Komarova didn't glare at him. Instead she wound herself into a balletic spin, stretching out her arms then hugging them in to vary her rate of rotation. "You know that tethering was ruled to be impractical. It is a pity, but totally true, with the project budget people. Such misers. I am grateful for radiation shields, especially since last week's solar outburst. How can you possibly shield a spinning tin can shape from solar radiation and keep within the mass limits they dictate to us? And still we bring all our gear with us, and your – pah! – experiments and instruments." In all fields related to space vehicles her English would spike up a couple of proficiency levels.

Don knew she had a point. "It would be better if we were not limited to the Hohmann, though. A quick seventy-day transfer –" And he was still on her turf.

"No!" came Asya's loud retort. "You chew over the old gum one more time. With rocket motor, even with powerful Russian rocket motor, we do not get enough specific impulse for your dream trip unless we build a NASA Battlestar, or we wait for a power supply big enough for that magical ion engine, or we dream of a warp drive. Hah! All with price tags we cannot pay. At least we get a refuelling tanker like Musk. And the safety of free-return trajectory: Surely, Professor, even you can see the wisdom. As you say, orbital mechanics one-oh-one, no?"

Just as Don was assembling a robust reply, Annika emerged from the crew quarters with that tousled, bleary look which he secretly adored. "Hey, guys, keep the noise down," she said with a weak grin. "Asya, do you know what's up with the CO2 scrubber? The air's getting a little… I dunno… sweaty in here." He liked her soft Afro-Canadian lilt, too.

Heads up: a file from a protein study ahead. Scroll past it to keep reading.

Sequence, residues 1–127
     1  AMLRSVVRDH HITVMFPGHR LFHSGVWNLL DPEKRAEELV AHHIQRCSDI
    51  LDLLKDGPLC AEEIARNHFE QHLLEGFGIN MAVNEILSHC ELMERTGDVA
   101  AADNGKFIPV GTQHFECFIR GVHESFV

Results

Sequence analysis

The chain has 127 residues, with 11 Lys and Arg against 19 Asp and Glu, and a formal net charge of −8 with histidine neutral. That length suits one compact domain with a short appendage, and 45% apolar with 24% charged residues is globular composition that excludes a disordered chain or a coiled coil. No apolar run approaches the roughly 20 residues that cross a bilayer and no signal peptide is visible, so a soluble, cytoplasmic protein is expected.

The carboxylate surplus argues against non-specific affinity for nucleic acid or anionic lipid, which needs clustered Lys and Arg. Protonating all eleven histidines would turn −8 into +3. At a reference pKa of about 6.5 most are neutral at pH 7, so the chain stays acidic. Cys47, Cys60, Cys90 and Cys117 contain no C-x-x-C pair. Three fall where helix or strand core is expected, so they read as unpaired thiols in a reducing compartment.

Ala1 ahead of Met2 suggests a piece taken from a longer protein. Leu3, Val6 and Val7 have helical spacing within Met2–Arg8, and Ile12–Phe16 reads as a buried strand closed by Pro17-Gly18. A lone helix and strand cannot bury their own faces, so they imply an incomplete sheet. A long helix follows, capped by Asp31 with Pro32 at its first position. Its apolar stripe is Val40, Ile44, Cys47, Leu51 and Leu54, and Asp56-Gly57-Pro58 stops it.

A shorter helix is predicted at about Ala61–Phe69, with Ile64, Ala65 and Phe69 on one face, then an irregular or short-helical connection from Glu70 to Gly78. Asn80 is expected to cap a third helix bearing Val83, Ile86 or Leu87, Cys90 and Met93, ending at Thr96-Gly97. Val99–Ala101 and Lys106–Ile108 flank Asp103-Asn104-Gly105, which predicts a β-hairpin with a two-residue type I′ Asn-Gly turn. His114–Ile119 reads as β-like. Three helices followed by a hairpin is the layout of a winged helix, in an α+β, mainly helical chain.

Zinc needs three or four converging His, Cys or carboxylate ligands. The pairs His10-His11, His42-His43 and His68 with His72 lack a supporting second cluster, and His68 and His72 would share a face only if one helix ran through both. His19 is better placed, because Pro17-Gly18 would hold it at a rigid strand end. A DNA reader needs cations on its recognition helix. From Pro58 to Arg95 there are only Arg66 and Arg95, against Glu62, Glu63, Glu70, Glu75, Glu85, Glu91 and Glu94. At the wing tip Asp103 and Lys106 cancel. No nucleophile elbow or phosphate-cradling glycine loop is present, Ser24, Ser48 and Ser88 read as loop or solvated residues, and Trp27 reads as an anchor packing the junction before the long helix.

Asya caught hold of a grip to stop her spin and shook her head. Don could see that she was restraining the focussed hunter’s stare she used on him. "You know the routine. I check it every day, two times." She was wary, tensing for an argument.

"Hmm… It's not so bad in here," Annika went on, sniffing the air, "but in my cabin – eugh! I almost wish Abdul Qawi were here. He'd get it – " She caught herself and glanced at Asya. "I mean, he'd love the chance to tinker with it."

Don didn't expect Asya to launch one of her mock-offended tirades which would often defuse a tense atmosphere. It was too late for that. She glared at Annika and seemed to consider some cutting, ironic response. The two women's temperaments were like night and day; storm and sun; they had avoided fights so far only by bottling up resentments or spilling them to other members of the crew.

But instead she tapped her chin with a forefinger and said, quietly, "That is strange, now you mention it. Did we find out why they send him away four days before our launch? I never say goodbye." She frowned to herself. "Although, perhaps this is no loss of mine."

Marco's Latin-accented voice echoed through the hatch that led to the medical lab and gym. "I will miss Abdu. He is the Arabian Renaissance Man. You remember he write a musical play in the French, about the poor car mechanics who build an EM-drive taxi to Mars?" He laughed, seemingly carefree, and emerged head-first into the lounge. His slightly lopsided, cheerful features glowed pink after his workout. All of them had swollen faces from zero-G, but Marco had it in spades.